Warning – this review is going to cover a topic about which some people have strong feelings:
Autoblogging often gets a bad rap because it can be abusive. And that’s true – I certainly won’t deny it. BUT, there’s nothing inherently abusive about autoblogging. As long as everything is above board, autoblogging can be a valuable tool for your site.
Today, I’ll be looking at WP Robot Version 5, the latest incarnation of the popular WP Robot autoblogging plugin. This version brings a whole new interface and a slew of new features.
How WP Robot Can Help You
Depending on the goal of your site, WP Robot can help you in a few different ways.
- If you’re looking to auto post products, WP Robot can help you automatically pull in content from eCommerce stores like Amazon, AliExpress, Etsy, and more.
- If you have a travel destination site, WP Robot can pull in content from Expedia.
- Similarly, music sites can grab from iTunes and photo sites can pull from Flickr or Pixabay. Video sites can automatically post YouTube and Vimeo videos, as well.
- WP Robot also works with major affiliate networks like Commission Junction and Shareasale, so you can automatically post affiliate offers from your network of choice.
- And finally, you can always pull in content from any RSS feed, which gives you a ton of flexibility if the included modules aren’t enough for you.
Full List of WP Robot Features
Here’s everything you get with WP Robot:
- 32 different content sources – I mentioned the biggies above, but WP Robot comes with 32 different content sources. View them all here.
- Automatic monetization – autoblogged products can automatically include your affiliate link.
- Customizable post templates – create unique templates to make your autoblogged content stand out.
- Theme independent – WP Robot will work with any WordPress theme.
- Works in the background – WP Robot is essentially “set it and forget it”. Once you set up your campaign(s), WP Robot will keep working in the background without requiring manual input.
- Automatic word replacement – WP Robot can automatically replace certain words with words you specify.
- No double posting – WP Robot has safeguards to ensure it never posts the same piece of content to your site twice.
- Supports spinning software – WP Robot will integrate with word spinner software to create “unique” content. I personally find this use a bit shady and don’t really support it, but it’s a free country :)
- Bulk posting and backdating – you can use automatic bulk posting and backdating to quickly fill up a new site with “old” content.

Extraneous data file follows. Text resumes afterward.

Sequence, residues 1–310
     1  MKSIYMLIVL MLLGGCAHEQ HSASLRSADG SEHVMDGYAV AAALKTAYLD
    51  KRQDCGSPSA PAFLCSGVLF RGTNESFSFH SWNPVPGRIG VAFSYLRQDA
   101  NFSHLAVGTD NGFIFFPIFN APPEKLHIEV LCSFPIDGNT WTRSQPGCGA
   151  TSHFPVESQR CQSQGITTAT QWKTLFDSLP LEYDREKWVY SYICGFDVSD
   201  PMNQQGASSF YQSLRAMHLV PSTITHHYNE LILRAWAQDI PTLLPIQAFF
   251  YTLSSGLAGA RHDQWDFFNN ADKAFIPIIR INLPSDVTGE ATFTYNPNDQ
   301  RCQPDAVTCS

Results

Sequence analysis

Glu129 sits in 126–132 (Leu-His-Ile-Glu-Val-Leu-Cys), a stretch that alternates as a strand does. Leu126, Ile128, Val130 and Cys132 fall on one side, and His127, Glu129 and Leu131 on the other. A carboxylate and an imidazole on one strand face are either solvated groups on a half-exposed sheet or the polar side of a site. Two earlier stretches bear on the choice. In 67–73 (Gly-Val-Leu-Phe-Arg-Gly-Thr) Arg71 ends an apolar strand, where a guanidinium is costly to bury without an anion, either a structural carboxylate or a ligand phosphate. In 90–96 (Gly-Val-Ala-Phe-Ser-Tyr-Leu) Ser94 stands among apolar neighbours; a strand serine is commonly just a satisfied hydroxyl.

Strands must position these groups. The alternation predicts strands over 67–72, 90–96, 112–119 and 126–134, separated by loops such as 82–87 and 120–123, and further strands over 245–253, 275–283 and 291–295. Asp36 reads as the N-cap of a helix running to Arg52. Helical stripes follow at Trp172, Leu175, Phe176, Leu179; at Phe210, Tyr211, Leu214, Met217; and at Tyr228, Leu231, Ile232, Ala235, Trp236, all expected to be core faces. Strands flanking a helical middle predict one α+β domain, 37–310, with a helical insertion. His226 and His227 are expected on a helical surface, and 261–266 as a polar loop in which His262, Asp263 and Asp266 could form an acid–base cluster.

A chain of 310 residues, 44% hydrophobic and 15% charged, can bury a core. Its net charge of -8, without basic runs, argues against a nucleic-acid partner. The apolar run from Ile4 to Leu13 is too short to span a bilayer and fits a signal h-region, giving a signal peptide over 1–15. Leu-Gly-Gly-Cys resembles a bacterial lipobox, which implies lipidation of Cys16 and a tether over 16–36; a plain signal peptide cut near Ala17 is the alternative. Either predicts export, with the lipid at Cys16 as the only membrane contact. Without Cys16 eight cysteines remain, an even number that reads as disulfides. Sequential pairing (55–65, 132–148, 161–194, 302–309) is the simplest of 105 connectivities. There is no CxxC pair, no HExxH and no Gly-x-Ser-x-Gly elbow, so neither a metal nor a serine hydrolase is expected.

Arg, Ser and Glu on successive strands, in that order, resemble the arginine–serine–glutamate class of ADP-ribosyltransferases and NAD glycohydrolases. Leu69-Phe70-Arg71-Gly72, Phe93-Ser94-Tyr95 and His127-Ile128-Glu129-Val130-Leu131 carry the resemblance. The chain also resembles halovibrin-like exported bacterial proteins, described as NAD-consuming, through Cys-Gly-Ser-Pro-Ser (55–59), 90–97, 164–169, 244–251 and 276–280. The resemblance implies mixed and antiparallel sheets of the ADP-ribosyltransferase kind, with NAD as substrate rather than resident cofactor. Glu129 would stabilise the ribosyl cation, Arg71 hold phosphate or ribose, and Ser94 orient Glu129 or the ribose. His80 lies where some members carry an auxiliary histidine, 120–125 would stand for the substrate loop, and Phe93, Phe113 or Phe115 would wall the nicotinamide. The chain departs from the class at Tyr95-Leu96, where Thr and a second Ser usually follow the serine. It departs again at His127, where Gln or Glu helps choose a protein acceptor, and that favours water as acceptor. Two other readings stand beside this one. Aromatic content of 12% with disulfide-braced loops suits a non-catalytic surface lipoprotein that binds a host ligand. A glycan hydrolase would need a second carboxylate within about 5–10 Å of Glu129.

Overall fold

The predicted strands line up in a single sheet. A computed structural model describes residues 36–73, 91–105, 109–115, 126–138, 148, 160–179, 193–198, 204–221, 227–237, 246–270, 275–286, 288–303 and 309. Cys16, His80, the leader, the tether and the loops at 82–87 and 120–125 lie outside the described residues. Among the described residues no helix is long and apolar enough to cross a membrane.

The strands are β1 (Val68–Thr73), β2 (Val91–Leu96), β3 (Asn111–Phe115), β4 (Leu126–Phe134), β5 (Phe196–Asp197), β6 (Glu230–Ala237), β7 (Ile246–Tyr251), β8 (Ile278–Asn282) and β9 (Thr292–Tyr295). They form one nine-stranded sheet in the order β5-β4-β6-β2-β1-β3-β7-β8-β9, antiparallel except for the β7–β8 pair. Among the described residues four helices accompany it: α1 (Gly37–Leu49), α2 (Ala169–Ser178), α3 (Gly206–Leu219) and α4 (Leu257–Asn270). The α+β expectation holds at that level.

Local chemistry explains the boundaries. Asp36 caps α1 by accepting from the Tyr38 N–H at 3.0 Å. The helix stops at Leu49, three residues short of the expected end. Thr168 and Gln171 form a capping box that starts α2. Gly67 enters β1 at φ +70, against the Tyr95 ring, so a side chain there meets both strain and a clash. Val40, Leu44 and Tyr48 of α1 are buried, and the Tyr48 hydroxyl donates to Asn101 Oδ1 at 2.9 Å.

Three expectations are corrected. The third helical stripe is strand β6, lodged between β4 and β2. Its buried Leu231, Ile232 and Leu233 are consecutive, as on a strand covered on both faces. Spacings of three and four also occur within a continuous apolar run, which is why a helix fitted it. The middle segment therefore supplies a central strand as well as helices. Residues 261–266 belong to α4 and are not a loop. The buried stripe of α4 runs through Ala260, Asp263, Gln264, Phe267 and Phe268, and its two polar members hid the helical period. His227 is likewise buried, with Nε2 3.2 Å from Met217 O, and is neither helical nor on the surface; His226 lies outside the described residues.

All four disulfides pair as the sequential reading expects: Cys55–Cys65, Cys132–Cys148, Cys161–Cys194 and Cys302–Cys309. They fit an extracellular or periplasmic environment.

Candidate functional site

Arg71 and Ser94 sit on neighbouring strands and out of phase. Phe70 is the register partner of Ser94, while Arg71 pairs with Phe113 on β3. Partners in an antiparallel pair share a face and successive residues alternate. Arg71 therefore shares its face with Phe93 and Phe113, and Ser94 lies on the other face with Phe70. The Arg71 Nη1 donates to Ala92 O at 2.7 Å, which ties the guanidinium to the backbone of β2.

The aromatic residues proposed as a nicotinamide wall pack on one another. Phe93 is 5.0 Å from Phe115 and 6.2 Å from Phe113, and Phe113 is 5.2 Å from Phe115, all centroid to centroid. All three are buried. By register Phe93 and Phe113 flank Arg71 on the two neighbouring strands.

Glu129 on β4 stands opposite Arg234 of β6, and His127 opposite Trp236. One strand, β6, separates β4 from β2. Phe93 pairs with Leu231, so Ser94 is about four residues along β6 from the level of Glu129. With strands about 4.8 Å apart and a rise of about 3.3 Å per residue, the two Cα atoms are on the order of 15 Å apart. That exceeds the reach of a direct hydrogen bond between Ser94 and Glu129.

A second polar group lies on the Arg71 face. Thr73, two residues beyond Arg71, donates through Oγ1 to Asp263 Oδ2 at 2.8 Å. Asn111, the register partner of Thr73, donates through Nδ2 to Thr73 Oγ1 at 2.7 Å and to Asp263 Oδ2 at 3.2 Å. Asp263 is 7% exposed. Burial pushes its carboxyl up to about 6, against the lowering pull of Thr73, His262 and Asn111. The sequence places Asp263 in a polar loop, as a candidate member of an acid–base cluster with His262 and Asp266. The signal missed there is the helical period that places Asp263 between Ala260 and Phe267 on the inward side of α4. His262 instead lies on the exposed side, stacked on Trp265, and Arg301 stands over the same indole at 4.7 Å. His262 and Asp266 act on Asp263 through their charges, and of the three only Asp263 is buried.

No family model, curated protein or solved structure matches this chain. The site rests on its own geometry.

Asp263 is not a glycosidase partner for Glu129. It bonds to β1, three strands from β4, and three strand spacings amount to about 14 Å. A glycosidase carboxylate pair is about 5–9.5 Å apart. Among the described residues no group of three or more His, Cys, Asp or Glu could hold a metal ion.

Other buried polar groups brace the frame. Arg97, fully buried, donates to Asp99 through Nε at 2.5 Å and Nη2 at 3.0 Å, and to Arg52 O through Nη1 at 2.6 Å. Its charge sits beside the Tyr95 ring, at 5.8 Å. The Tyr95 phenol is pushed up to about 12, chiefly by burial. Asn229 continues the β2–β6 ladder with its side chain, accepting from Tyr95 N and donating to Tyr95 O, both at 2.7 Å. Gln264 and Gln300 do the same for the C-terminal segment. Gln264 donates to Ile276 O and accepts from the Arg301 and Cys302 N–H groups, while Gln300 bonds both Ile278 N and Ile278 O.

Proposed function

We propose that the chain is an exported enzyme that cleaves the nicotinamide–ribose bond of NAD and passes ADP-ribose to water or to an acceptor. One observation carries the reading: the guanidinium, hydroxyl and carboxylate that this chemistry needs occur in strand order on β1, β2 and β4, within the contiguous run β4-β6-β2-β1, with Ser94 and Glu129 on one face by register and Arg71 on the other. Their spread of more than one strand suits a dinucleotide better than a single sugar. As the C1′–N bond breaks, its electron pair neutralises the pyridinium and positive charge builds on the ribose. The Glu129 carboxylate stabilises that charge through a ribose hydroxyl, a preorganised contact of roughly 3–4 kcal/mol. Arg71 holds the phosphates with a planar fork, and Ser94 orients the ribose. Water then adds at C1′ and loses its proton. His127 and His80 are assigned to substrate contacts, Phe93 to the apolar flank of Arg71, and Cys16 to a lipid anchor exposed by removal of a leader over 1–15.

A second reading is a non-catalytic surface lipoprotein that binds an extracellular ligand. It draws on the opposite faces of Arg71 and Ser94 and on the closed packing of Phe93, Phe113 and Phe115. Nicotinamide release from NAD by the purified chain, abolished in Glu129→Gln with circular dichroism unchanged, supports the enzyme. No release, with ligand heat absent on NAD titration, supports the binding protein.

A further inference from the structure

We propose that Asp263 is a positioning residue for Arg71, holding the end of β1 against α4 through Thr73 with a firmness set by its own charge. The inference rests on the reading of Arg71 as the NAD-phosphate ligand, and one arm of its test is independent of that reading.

- Supports multiple languages – WP Robot can utilize translation services to automatically translate autoblogged content into 20 supported languages.
If you’re already familiar with WP Robot, here’s the new stuff from Version 5:
- Completely new interface
- More content modules
- Can create campaigns rather than relying on site-wide settings
- Improved template creation interface
- Lots more
Hands On With WP Robot
Now that I’ve covered the uses and features, I’m going to actually dig and get my hands dirty with a fresh install of WP Robot 5 on my localhost. According to WP Robot’s nice quick start guide, the first thing I should do is go to the Options tab to set up my content sources:
This screen lays out all the potential sources for your autoblogged content. It also has a nice feature that lists out the supported languages for each source and tells you how to set up the API (if necessary). It’s a small thing, but being able to instantly see the languages is nice.
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Because signing up as a developer for API keys can be a little involved, I’m going to stick with the content sources that don’t require API registration for this review. That means I’ll sign up with…Pixabay and iTunes!
All I do is click on the checkmarks and save my settings. Then, I see some new tabs to configure each source:
Let’s see what I can configure…
Well, that’s simple. I can easily select my languages and categories. It also comes with a preset template. I can quickly edit the template by clicking on tags and adding them in the order I want them to appear:
Creating an Autoblogging Campaign
Now that I’ve got my sources configured, I’m ready to create my first campaign. A campaign is essentially an autoblogging “task” that you want WP Robot to complete.